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Long COVID to affect labor market, German minister warns

July 11, 2022

Health minister Karl Lauterbach said long COVID will leave many in Germany unable to return to their previous level of work performance.

People being tested for COVID in Berlin
Among the symptoms of long COVID are breathing difficulties, extreme fatigue and chest pains.Image: Stefan Zeitz/Xinhua/picture alliance

Germany's health minister Karl Lauterbach warned on Sunday that long COVID—  persistent symptoms after the coronavirus infection — is a major problem for society, with the potential to disrupt the labor market.

Researchers have found that between 14-30% of COVID patients get at least one symptom of long COVID within 90 days after recovery from infection. Among the symptoms are breathing difficulties, extreme fatigue and chest pains.

Figures published on Wednesday by one of Germany's health insurance organizations showed that, of those diagnosed with the virus in 2020, almost 1% took sick leave 2021 due to long COVID.

The sick leave was also relatively lengthy, averaging 105 days, the report said.

Researchers are still trying to work out what exactly causes long COVID and why some people develop it and others do not.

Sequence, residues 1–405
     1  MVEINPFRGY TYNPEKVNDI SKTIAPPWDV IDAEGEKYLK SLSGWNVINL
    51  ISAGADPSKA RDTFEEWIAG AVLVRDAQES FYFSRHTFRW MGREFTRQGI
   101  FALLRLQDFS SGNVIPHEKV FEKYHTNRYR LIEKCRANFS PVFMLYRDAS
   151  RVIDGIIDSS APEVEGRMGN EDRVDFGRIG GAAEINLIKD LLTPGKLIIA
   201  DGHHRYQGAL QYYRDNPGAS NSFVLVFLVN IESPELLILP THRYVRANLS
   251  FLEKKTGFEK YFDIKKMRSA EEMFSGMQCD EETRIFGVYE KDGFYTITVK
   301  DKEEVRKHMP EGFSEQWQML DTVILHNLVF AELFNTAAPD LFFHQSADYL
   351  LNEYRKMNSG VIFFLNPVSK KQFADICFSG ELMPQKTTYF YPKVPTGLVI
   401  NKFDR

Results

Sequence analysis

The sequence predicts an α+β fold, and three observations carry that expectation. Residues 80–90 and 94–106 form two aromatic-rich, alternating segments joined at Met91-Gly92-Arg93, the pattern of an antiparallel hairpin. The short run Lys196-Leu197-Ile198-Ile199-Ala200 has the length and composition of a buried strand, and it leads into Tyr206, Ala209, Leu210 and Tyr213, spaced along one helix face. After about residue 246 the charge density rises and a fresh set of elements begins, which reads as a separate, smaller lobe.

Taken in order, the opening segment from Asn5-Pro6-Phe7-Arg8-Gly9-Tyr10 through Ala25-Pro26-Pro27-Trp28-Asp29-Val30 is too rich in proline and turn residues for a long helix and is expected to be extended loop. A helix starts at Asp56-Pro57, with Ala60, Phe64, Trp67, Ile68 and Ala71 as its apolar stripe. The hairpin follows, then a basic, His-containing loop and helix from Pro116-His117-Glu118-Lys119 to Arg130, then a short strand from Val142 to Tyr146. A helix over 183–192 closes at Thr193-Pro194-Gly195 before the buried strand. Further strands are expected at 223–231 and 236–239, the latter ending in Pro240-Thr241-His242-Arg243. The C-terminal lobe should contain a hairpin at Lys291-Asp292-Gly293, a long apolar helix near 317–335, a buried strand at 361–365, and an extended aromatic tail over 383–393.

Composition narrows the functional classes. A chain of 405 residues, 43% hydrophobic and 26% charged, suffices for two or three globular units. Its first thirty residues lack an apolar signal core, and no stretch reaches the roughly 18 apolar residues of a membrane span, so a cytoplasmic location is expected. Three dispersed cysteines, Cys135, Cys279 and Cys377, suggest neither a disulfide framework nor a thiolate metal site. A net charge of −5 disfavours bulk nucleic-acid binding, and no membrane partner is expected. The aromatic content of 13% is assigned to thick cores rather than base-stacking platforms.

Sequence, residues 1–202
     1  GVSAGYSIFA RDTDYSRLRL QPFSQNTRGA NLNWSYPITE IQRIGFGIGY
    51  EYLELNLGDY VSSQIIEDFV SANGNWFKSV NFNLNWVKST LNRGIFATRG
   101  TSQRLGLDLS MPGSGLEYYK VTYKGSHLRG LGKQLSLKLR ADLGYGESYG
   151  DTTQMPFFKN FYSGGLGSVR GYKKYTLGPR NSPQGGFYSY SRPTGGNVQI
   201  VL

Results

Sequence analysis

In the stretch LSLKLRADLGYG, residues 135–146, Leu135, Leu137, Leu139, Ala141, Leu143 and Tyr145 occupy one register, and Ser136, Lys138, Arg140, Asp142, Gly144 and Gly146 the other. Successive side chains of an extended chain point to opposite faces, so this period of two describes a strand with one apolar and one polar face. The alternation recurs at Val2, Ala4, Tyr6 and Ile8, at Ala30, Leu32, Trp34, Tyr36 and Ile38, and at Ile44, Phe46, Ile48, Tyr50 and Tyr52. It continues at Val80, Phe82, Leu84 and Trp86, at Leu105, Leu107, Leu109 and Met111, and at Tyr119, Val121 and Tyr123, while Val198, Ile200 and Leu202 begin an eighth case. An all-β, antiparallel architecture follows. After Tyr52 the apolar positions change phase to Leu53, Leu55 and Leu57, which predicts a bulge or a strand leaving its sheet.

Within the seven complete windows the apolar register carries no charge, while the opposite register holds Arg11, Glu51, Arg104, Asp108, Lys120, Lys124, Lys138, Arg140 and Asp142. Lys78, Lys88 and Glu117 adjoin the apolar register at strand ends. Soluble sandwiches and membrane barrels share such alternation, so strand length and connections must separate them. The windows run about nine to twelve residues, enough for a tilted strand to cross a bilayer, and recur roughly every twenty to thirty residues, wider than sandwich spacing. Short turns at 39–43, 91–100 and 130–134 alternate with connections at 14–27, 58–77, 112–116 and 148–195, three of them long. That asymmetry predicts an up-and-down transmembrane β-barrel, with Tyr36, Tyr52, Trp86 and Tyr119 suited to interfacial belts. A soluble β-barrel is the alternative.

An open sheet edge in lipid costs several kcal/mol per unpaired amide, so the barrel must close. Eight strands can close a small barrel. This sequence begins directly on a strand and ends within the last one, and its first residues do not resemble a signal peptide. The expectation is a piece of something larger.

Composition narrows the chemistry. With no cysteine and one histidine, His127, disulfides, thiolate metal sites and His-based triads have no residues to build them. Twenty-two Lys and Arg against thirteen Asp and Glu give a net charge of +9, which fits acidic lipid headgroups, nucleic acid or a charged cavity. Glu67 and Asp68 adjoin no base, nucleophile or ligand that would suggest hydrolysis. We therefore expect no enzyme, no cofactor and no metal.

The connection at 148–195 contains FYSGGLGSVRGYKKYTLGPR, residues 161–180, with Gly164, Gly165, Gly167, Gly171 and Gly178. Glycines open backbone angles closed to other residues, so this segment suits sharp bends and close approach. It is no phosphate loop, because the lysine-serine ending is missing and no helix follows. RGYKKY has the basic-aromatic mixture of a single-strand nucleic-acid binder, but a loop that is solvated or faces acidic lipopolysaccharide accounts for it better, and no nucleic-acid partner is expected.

"We do not have anywhere near the capacity to look after the many cases," Lauterbach said in an interview with Zeit Online, the digital service of the German weekly newspaper.

"There are not enough specialist doctors, not enough treatment places, and we still do not have medications," he added.

"This will also be relevant for the labor market, as many will no longer be able to return to their previous level of performance," Lauterbach warned.

Restrictions lifted, cases rise in Germany

Currently, confirmed cases and hospitalizations for COVID are higher than at the same time in either of the last two years, but most restrictions in Germany have been lifted, including those for travel, bars, restaurants, and clubs. Festivals and other events are also taking place again.

Berlin party without restrictions

Still, the high COVID rates are taking a toll on the country's healthcare industry, as large number of staff are out sick. Some 55% of intensive care units in Germany are working only in limited operation, due to staff shortages, the president of the intensive care association DIVI, Gernot Marx, told the Funke newspaper association on Saturday. 

Although patients with life-threatening illnesses and those in emergency wards are still able to get the care they need, Marx said that "hospitals are already seeing numerous surgeries being postponed again and staff having to be redeployed."

Lauterbach has urged for preparedness, saying that his office will draw up COVID restrictions for the fall before this summer ends.

"The basic decisions must already be made in July," he told Zeit Online.

jcg/dj (dpa, AFP)